Elderly, compassionate Father

Let us take the comparison to parents and children one step further. Nothing expresses the parents' love and care more than when they guide their children and instruct them how to get along and conduct themselves in life. This also applies in our relationship with G'd. The greatest manifestation of G'd's love for His beloved children, the Jewish people, was when He gave us the Torah and commanded us through every step in life. Every evening we refer to this in the blessing prior to Shema, as we say: "An eternal love You have loved the House of Israel. Torah, commandments, statutes and ordinances You have taught us." At the revelation at Mount Sinai, G'd revealed Himself to the Jewish people as an elderly, compassionate Father, teaching us how to succeed in life by following His commandments (see Rashi Shemos 20:2).

Studying Torah

Last week we pointed out that G'd expects us to take the first step, and only then will He reciprocate. This is correct as far as every individual Jew is concerned. But as a nation, G'd took the first step when He gave us the Torah. So as individuals, what is the first step G'd expects of us? In the continuation of the above mentioned blessing, we respond to G'd's love and say: "Therefore when we lie down and we arise, we will discuss Your statutes and we will rejoice with the words of Your Torah, and with Your commandments forever. For they are our life and we will think about them day and night." This is the step G'd wants us to take to show our love for Him. There is nothing more pleasing to G'd, so to speak, than when we study the Torah and fulfill the commandments. G'd does not want us to do this for His sake, but only so that He can reward us for doing so.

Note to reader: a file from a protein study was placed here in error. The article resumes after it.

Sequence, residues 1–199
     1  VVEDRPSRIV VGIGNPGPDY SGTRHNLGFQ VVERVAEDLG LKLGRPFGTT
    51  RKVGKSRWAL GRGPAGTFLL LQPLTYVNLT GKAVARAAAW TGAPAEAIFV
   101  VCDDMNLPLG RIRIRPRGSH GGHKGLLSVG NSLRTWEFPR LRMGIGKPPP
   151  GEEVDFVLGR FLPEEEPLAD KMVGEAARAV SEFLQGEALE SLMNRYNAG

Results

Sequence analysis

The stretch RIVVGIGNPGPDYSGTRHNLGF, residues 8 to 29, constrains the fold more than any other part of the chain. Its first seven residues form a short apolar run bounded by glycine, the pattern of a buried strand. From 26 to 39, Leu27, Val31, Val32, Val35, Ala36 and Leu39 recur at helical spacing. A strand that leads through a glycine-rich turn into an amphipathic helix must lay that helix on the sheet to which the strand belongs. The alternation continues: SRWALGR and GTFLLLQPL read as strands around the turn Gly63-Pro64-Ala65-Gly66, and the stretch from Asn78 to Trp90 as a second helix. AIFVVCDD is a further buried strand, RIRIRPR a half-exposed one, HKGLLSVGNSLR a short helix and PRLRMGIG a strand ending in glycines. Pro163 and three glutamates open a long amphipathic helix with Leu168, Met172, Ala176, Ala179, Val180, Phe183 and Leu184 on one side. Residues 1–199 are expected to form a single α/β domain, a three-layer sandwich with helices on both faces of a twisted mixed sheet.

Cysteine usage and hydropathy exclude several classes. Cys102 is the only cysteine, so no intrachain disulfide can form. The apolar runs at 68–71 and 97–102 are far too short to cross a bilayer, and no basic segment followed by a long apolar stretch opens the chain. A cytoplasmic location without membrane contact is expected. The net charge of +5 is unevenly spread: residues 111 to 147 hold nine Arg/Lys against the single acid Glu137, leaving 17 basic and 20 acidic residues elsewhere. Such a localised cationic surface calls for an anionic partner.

Develop love for G'd

This is actually hinted at in the first paragraph of Shema. It says (Devarim 6:5): "And you shall Love HASHEM your G'd." Asks Rashi, in the name of Sifri (33), how do we express our love for G'd? Rashi answers that this is alluded to in the next verse where it says: "And these things that I command you today shall be upon your heart." Rashi continues to explain that when we study Torah, we will actually develop a feeling of love for G'd. For the more we study, the better we understand G'd's conduct and ways and get close to Him.

Represent G'd's chosen people